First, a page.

Finding sanguinity in America’s abandoned places

Wilkerson's abandoned store, Newkirk, NM, Route 66 USA. Copyright Jen Baker/Liberty Images; all rights reserved.

Newkirk, New Mexico

Since discovering it last year, I’ve really been enjoying the blog of Leanne Cole, a fellow photographer who lives in Australia. A while ago, she began a series of posts, “Influencing Me”, about the artists who inspire her, and this has been great fun to read—it gives us insight into her work, which of course causes others to reflect upon their own.

Leanne’s series came around the same time I got to sit and listen to not one, but two people contemptuously deride me and my work as not just “living in the past” but actually being “stuck” there (you can tell, what with my cameras, computer, smartphone, mild TCM addiction and deep affection for the Lightning Bug app I’m pretty sure I’d never sleep again without). I also got into a conversation with someone about my liking to shoot abandoned places.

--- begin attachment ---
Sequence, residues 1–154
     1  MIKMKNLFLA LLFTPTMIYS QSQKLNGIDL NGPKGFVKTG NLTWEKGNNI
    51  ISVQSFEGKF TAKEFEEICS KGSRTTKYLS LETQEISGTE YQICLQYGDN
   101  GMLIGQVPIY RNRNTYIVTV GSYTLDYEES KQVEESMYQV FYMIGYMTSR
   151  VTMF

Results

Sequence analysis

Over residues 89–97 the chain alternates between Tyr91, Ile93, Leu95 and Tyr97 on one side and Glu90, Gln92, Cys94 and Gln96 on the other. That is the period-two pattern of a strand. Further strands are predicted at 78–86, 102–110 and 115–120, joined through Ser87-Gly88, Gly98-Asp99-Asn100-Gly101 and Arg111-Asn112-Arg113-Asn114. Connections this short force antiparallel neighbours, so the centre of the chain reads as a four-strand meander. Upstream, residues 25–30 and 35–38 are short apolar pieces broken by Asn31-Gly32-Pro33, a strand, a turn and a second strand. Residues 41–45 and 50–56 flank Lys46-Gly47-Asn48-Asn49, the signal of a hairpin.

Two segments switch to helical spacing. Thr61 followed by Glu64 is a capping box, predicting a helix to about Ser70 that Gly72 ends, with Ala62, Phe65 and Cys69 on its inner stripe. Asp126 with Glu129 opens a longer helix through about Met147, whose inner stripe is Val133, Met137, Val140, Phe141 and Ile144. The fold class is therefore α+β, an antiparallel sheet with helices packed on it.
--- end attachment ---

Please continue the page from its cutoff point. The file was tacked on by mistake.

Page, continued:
Leaving aside the painful mental dissonance we’re all bound to experience considering my photographing abandoned, crumbling buildings as they are while simultaneously living in the day when said things were new (perhaps I know The Doctor after all, but I’ll never tell), I once again felt the urge to try and explain why I shoot what I shoot and my mindset going into each and every photography journey (which, as I’ll bet Leanne can tell you, is more difficult than it sounds at the first). This topic of shooting forsaken places seemed like a decent place to begin. Continue reading